• To lock doors, leave the lights on when away from home, and let neighbors know when you go on vacation
  • Do things that build a sense of neighborhood and create communities that don’t produce crime and where people look out for each other and kids to feel safe
  • Get involved, join Neighborhood Watch, and clean up streets and parks
  • For children and teens to protect themselves from substance abuse, bullies, and gang violence

 

In 1978, the Advertising Council, Inc., accepted the mission of helping the nation learn ways to prevent crime. The Ad Council gave the assignment to Dancer Fitzgerald Sample (now Saatchi & Saatchi), which volunteered its creative time and talent. That work was supported and informed by a group of 19 agencies, which formed the nucleus of the Crime Prevention Coalition of America. Today the National Crime Prevention Council manages the National Citizens’ Crime Prevention Campaign, featuring McGruff the Crime Dog and his slogan, “Take A Bite Out Of Crime.”

Over the years, McGruff has made thousands of appearances at community and school events and on radio and television. His messages have changed from urging personal, family, and home security to more broadly based crime prevention concerns. In 1984, the U.S. Postal Service released a first-class postage stamp bearing McGruff’s likeness. By the mid-1980s, McGruff was encouraging people to join Neighborhood Watch and clean up streets and parks so they’d be less inviting for criminals. During the mid-1990s, the Campaign addressed the effects of gun-related violence on children. Current issues include volunteering, bullying, cyberbullying, Internet safety, telemarketing crime against seniors, identity theft, intellectual property theft and safe firearm storage.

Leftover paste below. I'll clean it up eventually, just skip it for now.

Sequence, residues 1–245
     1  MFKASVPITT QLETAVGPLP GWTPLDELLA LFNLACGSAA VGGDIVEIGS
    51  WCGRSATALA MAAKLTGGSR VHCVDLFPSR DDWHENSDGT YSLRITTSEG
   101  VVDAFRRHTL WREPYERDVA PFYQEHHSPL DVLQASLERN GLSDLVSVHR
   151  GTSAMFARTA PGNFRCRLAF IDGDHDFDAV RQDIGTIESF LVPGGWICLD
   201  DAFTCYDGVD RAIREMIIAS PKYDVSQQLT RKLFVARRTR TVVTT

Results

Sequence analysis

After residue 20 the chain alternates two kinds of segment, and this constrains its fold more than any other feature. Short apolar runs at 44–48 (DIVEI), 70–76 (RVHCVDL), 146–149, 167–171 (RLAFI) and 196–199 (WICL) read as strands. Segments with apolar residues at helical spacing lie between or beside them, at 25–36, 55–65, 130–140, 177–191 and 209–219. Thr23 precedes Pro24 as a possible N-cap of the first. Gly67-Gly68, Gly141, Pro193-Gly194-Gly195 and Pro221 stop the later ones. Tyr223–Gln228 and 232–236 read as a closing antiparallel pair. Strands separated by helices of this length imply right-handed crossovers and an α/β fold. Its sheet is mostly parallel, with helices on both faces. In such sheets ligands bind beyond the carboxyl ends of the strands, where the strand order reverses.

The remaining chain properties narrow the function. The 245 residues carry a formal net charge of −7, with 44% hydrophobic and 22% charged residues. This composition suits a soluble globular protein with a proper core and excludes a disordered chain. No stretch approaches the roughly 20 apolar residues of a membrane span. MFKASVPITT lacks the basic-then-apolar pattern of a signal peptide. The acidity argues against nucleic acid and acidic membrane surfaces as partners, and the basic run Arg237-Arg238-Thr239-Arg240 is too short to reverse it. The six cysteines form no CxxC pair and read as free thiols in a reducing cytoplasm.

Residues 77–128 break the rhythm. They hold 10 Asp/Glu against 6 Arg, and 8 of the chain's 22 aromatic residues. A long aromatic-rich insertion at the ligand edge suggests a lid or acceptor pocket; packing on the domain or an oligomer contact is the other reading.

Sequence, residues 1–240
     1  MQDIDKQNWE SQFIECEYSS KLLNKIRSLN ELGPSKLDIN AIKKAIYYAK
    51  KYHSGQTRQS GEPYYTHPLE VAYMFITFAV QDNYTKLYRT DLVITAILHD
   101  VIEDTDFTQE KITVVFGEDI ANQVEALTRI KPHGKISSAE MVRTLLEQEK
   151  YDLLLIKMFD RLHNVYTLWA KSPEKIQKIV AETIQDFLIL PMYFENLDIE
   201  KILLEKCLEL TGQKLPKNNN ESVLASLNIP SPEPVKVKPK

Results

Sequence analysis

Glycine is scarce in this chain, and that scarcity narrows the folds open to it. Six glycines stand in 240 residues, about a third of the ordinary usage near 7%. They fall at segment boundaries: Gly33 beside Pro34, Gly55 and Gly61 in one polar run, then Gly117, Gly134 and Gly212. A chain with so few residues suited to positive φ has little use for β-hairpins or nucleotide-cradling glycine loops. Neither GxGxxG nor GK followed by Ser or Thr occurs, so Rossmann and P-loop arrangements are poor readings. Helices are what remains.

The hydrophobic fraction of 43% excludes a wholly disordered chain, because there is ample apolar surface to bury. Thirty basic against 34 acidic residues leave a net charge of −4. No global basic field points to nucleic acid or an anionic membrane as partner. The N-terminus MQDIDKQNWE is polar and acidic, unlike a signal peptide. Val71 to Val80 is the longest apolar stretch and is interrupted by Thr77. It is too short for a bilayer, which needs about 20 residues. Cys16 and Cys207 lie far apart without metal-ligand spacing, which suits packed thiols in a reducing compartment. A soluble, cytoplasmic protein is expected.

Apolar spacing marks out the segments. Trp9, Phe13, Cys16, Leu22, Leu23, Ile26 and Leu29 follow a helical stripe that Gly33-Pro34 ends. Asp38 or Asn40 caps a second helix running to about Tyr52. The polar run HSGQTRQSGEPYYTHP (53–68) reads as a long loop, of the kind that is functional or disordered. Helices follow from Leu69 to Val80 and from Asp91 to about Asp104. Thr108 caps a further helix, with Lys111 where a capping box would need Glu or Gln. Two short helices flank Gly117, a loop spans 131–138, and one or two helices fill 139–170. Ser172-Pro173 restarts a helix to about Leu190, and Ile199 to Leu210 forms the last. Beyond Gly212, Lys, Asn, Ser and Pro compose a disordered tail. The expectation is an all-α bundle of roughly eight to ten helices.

Some Facts About McGruff

  • There are 4,000 active McGruffs (number of costumes in use).
  • McGruff has a classy Corvette, a monster truck in Arizona, and a wiener wagon in Florida. But most of all, he likes to ride in patrol cars assisting law enforcement.
  • McGruff’s favorite crime-fighting techniques are to teach children specific tips to be safe at home and school and to help law enforcement officers do their jobs better.
  • McGruff is a “ham,” so he loves doing public service announcements for television and radio or posing for print or billboard advertising.
  • In 2010, McGruff turned 30 years young. He had birthday parties all around the country, making appearances at health and safety fairs and other media events and showing off his 32-foot-tall balloon at county and state fairs. He has blown out birthday candles on countless cakes. He has made the most of these opportunities to spread the word about preventing crime.

Source Info: https://www.ncpc.org/